That's what that acronym is! (none / 1) (#140)
by glor on Mon Jun 07, 2004 at 07:24:21 PM EST

... a software project named GNU. The three letters mean "GNU is emergency Unix" ...

Disclaimer: I am not the most intelligent kuron.
[ Parent ]

Actually it's quite funny (none / 0) (#154)
by CaptainZapp on Tue Jun 08, 2004 at 10:37:36 AM EST

I never actually noticed that, but the fish has a severe problem when you translate a text, which contains sentences (or words) in the target language

In the original German text it was something like GNU (GNU is not Unix). Now, the german word not translates to emergency in English.

That's also the reason that MIT (the university) got translated to WITH.

I'm also not quite convinced that a "Robber Pistol" (Raeuberpistole) makes a helluva lot of sense in English.

[ Parent ]

sigh (2.40 / 5) (#107)
by the77x42 on Mon Jun 07, 2004 at 02:03:31 AM EST

yup, closed source is to open source like the riaa is to napster. like the government is to the mob. like capitalism is to communism. like bush is to nader. like tobacco is to marijuana. like private contract work is to unions. like immigrants are to refugees. like rusty is to tex big balls. like the ny times is to k5.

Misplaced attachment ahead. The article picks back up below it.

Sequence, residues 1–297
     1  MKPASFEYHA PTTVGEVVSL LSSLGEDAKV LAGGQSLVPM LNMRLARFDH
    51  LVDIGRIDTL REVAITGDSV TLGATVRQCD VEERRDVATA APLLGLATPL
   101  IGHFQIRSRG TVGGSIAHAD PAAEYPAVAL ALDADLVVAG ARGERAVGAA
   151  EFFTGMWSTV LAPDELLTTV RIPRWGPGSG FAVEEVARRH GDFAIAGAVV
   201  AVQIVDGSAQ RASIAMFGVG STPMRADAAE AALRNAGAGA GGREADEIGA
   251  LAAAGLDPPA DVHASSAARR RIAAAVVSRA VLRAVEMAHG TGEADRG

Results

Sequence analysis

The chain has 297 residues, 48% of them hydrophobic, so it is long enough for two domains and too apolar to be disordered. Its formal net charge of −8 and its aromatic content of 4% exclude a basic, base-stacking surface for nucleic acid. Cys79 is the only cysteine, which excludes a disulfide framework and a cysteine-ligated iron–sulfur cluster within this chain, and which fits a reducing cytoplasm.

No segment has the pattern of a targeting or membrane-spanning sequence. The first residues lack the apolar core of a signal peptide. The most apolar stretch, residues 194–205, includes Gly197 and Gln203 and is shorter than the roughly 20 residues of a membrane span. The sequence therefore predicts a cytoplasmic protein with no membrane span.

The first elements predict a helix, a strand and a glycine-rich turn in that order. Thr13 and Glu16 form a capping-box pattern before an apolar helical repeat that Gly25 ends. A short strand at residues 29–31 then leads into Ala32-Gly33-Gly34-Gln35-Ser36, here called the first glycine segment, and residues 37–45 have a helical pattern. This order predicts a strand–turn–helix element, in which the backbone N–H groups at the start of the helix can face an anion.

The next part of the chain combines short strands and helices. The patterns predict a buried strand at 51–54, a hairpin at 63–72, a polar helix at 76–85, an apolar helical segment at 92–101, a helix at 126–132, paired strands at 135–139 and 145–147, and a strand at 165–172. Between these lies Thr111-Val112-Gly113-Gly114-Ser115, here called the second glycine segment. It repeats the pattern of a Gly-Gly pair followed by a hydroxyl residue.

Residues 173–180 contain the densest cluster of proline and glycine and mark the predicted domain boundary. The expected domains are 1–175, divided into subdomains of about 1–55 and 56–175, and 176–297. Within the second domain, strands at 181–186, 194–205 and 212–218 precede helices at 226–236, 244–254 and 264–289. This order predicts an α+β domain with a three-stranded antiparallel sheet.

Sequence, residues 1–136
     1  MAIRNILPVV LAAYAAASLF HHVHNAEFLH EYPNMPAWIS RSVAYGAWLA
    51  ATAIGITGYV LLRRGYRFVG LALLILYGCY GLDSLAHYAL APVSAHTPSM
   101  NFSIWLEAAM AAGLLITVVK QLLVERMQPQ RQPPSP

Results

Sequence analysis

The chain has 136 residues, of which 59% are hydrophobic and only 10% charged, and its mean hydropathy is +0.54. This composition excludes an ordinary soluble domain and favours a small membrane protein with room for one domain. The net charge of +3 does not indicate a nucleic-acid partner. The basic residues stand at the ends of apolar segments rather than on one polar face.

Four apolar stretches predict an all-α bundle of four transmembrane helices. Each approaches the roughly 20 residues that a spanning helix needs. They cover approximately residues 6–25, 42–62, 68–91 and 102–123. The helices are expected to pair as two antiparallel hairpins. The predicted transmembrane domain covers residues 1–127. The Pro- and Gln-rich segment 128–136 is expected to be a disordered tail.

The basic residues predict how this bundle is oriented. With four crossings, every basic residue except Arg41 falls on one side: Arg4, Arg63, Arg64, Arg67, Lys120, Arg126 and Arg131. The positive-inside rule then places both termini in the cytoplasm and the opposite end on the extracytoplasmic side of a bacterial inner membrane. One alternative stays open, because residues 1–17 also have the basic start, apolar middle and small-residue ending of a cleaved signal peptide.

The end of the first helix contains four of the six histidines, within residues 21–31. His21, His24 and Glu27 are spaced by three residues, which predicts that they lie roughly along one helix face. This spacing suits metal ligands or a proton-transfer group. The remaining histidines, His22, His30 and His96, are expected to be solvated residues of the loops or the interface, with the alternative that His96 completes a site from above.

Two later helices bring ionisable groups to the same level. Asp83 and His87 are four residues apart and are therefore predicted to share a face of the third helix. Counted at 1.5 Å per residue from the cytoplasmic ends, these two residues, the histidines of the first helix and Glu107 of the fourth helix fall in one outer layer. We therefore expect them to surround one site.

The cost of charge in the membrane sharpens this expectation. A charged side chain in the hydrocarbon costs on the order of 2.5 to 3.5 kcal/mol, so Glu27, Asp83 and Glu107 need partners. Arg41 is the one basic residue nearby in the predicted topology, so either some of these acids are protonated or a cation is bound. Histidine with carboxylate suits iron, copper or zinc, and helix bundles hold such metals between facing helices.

"We're not here to educate. We're here to point and laugh." - creature
"You have some pretty stupid ideas." - indubitable ‮

Like... (none / 0) (#110)
by Ta bu shi da yu on Mon Jun 07, 2004 at 02:20:26 AM EST

...rmg is to SaintPort. I get your point!

AdTIה"the think tank that didn't".
[ Parent ]
not really... (none / 0) (#119)
by the77x42 on Mon Jun 07, 2004 at 04:46:18 AM EST

i'm more pointing out the comparison to profit driven, self-serving entities and other who want to distribute everything to the masses regardless of the ramifications.

The contraversial comparison I made would be between the government and the mob... who is the Linux and who is the Microsoft?

"We're not here to educate. We're here to point and laugh." - creature
"You have some pretty stupid ideas." - indubitable ‮

[ Parent ]

like Zeus is to Prometheus (none / 1) (#130)
by speek on Mon Jun 07, 2004 at 09:19:08 AM EST

al queda is kicking themsleves for not knowing about the levees
[ Parent ]

Like Dubya is to the intellect. (nt) (none / 0) (#131)
by Ta bu shi da yu on Mon Jun 07, 2004 at 10:37:25 AM EST

AdTIה"the think tank that didn't".
[ Parent ]
Extremely stupid name. (2.85 / 7) (#113)
by Shubin on Mon Jun 07, 2004 at 03:09:55 AM EST

Do you know what 'samizdat' actually means ?